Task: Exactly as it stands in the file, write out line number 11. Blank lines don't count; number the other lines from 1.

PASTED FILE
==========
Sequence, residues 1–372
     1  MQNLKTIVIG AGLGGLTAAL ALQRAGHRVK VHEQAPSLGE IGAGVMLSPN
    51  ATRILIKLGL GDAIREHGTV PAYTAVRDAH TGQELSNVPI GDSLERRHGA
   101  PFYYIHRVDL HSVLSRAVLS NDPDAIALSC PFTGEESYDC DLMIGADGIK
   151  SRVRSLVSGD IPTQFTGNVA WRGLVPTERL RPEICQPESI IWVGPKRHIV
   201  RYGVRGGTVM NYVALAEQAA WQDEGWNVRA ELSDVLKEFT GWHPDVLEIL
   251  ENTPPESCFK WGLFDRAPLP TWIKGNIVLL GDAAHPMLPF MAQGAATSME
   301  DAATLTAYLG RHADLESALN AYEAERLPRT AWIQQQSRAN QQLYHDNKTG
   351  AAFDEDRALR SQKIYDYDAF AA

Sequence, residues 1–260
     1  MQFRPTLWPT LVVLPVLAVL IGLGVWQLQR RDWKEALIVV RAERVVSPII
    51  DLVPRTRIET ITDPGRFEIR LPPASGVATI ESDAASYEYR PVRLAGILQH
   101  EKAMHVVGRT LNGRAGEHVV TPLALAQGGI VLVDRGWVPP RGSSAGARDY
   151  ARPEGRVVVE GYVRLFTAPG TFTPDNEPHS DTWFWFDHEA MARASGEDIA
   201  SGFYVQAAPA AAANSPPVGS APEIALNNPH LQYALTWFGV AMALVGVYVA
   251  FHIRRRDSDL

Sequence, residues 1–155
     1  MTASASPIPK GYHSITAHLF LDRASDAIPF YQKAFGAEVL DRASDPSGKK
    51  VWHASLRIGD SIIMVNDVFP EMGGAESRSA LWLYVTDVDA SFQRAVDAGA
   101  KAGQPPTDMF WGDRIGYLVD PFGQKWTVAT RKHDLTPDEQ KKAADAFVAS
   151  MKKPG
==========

     1  MQFRPTLWPT LVVLPVLAVL IGLGVWQLQR RDWKEALIVV RAERVVSPII